By Valentina Za
MILAN (Reuters) - Digital wealth manager Moneyfarm has agreed to buy British digital pension adviser Profile Pensions in a cash-and-share deal to expand its client base and service range, it said on Tuesday.
Moneyfarm's shareholders, British money manager M&G, Italian post office Poste Italiane, Cabot Square Capital and United Ventures, will finance the deal through a capital increase.
Following the transaction, Profile Pension investor Smedvig Capital will become a minority investor in Moneyfarm.
"The cash portion of the deal came from our shareholders. That's a testament to the good relationship we have with them, especially in light of the current market environment," said Giovanni Daprà, co-founder and chief executive of Moneyfarm.
M&G had invested in Moneyfarm at the start of the year, taking a minority stake under a 44 million pound ($54 million)funding round which valued the fintech company at up to 350 million pounds.
With its cloud native proprietary technology for automated pension advice, Profile Pensions serves 24,000 customers and has some 870 million pounds in assets under management (AUM).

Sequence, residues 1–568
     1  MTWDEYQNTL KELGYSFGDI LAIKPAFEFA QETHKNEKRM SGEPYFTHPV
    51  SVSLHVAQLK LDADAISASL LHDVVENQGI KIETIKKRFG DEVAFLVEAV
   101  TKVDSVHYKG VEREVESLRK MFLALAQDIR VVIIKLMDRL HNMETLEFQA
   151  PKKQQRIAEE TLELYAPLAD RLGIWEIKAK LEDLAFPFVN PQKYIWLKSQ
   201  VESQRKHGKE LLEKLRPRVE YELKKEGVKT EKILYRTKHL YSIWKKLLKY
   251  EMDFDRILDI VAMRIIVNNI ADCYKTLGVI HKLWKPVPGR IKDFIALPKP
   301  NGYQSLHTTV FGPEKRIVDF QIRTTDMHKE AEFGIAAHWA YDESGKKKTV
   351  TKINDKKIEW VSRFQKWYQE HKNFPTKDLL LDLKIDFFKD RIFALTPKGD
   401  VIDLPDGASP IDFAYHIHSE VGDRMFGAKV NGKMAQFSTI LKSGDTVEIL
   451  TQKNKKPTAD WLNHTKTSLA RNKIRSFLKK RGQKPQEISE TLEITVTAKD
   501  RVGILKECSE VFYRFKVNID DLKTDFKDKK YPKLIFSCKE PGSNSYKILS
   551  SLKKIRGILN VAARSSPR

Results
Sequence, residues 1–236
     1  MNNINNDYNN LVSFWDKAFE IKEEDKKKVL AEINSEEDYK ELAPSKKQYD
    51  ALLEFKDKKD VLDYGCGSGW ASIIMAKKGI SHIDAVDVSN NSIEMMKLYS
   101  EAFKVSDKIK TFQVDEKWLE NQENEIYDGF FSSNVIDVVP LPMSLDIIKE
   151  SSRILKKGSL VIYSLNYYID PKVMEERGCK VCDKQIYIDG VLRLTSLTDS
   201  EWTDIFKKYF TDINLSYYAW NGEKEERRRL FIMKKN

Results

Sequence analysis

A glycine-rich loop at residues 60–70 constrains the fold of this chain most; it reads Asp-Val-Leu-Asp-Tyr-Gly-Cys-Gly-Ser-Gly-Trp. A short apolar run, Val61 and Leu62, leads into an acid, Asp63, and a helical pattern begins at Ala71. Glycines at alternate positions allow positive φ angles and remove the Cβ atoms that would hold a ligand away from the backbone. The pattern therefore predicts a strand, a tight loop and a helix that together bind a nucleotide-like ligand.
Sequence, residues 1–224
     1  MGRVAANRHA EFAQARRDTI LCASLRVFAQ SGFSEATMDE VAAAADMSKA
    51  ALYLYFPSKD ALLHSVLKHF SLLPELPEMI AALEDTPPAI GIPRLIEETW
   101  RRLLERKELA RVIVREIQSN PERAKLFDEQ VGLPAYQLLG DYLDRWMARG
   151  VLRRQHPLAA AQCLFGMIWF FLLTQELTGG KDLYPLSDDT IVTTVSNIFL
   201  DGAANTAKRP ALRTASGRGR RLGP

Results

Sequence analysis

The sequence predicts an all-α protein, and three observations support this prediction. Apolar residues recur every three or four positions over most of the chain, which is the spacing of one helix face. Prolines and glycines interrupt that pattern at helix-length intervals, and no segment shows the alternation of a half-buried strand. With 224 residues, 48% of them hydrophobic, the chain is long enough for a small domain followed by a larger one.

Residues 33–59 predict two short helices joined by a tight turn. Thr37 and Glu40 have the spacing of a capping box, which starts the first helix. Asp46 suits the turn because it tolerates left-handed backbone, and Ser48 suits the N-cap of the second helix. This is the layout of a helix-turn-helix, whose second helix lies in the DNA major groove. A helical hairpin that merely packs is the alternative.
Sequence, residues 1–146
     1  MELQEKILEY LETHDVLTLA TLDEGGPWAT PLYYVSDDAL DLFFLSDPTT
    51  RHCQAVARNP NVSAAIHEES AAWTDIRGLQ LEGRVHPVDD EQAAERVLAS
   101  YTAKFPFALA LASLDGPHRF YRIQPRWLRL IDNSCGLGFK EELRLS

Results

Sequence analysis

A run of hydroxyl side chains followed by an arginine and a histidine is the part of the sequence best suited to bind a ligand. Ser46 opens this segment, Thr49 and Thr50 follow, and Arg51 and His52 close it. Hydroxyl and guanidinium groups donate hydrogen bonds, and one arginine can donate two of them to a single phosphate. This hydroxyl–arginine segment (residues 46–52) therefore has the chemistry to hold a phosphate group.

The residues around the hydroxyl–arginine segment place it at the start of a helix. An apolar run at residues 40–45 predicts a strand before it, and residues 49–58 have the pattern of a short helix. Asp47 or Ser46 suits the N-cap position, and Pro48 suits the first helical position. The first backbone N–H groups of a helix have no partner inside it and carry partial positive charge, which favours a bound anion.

"We expect to fully integrate the platform so as to serve our customers on a broader set of needs," Daprà told Reuters.
Financial details of the transaction, which is expected to close by mid-2023, were not disclosed.
The deal will drive Moneyfarm's AUM to more than 3.3 billion pounds for more than 115,000 customers, a statement said.
"We're already quite big for a digital player but not yet at the scale we wish to be. This is an important milestone for us. It accelerates our path towards breaking even," Daprà said.
In May co-founder Paolo Galvani had said the latest funding round would fuel development for a number of years and ruled out a stock market listing in the foreseeable future. Daprà confirmed an eventual bourse listing was not on the horizon.
Daprà said Moneyfarm would continue to focus on expansion in Britain, where it started operating in 2016, growing AUM on average by 80% a year.
Asked about the impact of market turmoil, he said Moneyfarm continued to "register positive net inflows at the end of each month with double digit growth."
While the cost of living crisis bites, he added, "the need for a simple, low-cost, diversified portfolio of financial assets is intact."
Barclays advised Moneyfarm on the deal.
($1 = 0.8205 pounds)
(Reporting by Valentina Za; editing by David Evans)